Our Process

How We Work

What Is Agile?

An iterative approach to delivering projects. We define units of related work e.g., modules and prioritize them. Then agree on a repetitive delivery schedule e.g., two weeks or a month. Within which we design, develop, test, and deploy the unit of work. Each two week or monthly iteration forms a sprint. Project signoffs and billing are tied to sprints.

Agile Pictogram

Traditional vs Agile Project Management

Image courtesy of association of project management

Why Agile?

What are the benefits of agile working?

What are the differences between an agile and the typical waterfall approach?

Key Agile Components

1. Product Backlog: Product requirements derived at the start of the project. Based on new functionality or from a gap-fit analysis of existing product. Aid to provide an understanding of the scope & breadth of the project. High level system designs, and process flows are done together with the product backlog.
2. Sprint Backlog: Requirements specific to a single unit of work (product) to be done in a 14–30 day window. They are described on cards, with estimated completion times, assignees.
3. Iterations: Iterations that deliver measurable, definite, and valuable software product. Usually based on the priority of project objectives. Sprints start and end with ceremonies to build consensus and ensure continued objectivity and value delivery.
4. Kanban: Physical or digital board illustrating and tracking sprint progress. Each card/requirement moves from one lane to another (Pending-In-Progress-Review-Done-Rework-Parked). The scrum master is charged with curating this board daily, together with the project teams.
5. Standups: Daily 15-30 minutes sessions to review progress and move the card to the next lanes, meant to ensure project cadence and accountability. They are quick, status-based discussions that avoid tackling design or project concerns.
6. Release Management: Process of packaging and deploying a working software product and involves testing, documenting, versioning and deploying. The same unit of work can be reworked/improved in future sprints based on client feedback.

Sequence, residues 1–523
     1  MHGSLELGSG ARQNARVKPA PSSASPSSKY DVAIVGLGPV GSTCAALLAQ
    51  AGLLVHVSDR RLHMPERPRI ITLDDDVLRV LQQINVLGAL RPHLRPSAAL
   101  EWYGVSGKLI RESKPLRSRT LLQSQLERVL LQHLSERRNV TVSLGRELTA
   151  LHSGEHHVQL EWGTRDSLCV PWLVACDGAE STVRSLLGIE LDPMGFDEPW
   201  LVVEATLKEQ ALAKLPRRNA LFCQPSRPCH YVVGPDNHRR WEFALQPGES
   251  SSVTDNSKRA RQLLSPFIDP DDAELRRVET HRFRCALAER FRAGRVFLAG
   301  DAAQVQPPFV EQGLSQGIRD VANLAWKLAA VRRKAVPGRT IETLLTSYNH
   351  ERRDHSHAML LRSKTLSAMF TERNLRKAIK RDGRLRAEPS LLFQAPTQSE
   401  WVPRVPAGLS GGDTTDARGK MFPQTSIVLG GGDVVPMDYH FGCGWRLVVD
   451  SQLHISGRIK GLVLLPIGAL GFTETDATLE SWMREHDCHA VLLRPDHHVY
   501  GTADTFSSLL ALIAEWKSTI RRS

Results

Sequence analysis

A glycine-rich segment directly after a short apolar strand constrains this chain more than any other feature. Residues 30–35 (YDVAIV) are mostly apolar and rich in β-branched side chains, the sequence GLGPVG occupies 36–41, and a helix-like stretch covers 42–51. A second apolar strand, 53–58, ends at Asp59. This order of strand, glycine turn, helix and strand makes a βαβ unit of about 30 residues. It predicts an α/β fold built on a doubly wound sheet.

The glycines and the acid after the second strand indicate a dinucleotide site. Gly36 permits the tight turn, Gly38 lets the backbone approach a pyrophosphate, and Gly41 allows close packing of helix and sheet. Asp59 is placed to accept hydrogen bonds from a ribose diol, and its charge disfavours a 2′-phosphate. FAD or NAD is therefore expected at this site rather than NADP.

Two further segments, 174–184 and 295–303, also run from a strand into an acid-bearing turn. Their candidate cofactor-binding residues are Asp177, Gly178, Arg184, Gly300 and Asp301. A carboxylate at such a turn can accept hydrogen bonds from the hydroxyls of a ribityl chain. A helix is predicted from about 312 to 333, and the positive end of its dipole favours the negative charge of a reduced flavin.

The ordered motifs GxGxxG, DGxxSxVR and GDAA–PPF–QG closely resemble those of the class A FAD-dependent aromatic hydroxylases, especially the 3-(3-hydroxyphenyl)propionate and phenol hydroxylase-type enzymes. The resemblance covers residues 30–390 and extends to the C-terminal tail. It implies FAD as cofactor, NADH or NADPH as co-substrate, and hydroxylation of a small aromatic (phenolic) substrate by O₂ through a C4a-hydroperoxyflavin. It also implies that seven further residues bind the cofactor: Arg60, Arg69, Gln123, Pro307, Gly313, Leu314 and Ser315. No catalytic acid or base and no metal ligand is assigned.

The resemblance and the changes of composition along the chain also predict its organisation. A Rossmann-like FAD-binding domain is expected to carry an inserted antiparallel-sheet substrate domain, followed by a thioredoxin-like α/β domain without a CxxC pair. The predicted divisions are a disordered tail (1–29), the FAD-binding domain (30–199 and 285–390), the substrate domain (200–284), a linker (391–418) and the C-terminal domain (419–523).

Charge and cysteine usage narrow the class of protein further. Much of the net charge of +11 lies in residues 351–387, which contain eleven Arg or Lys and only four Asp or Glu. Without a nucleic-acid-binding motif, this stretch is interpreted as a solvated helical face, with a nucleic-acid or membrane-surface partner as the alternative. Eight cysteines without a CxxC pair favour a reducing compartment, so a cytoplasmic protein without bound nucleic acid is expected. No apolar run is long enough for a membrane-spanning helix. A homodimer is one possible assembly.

7. Retrospectives / Reviews: Sessions at the end of each sprint held by the project team to review team/sprint performance. Identify lessons learnt, best practices, improvements, and related concerns of the just finalized sprint. These foster improved cadence, management, and quality in the next sprint.
8. Definition of “Done”: Criteria for passing a sprint card/requirement as done. Agile advocates for good-enough as opposed to perfect/ideal, therefore teams agree on the thresh-holds required to close a card. High demands may lead to too many reworks or scope creep, while a low threshold may lead to poor product quality. An ideal balance is key.
9. Project Meetings: Project meetings (usually bi-monthly) held to updates executive project stakeholders. Help to handle concerns such as change management, policy/process changes, resourcing concerns among other concerns.

Key Agile Stakeholders

1. Sprint Managers: Vendor side resource that co-ordinates the sprint process, including daily standups, release management and general stakeholder updates.
2. Product Owners: A team of both vendor and client authorities, who determine and are accountable for various software products within the scope of the project e.g., departmental/process heads
3. Project Sponsors: Executive persons from the Client side with ownership of the vision, purpose and resourcing of the projects e.g., CEOs, Division Heads, Executive Committees, Boards
4. Project Teams: Composition of both vendor and client working teams charged with the day-to-day delivery of the project. Involves vendor leads, client champions, users, software developers, business consultants, quality controllers, among others.
5. Project Managers: Both vendor and client-side authorities tasked with managing overall project scope, budget, quality and timelines. They navigate the project from start to end, eliminating obstacles, assigning resources, ensuring accountability and communication among other key responsibilities.
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Anthony Mwendwa Profile

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Lorem Ipsum has been the industry’s standard dummy text ever since the 1500s, when an unknown printer took a galley of type and scrambled it to make a type specimen book.

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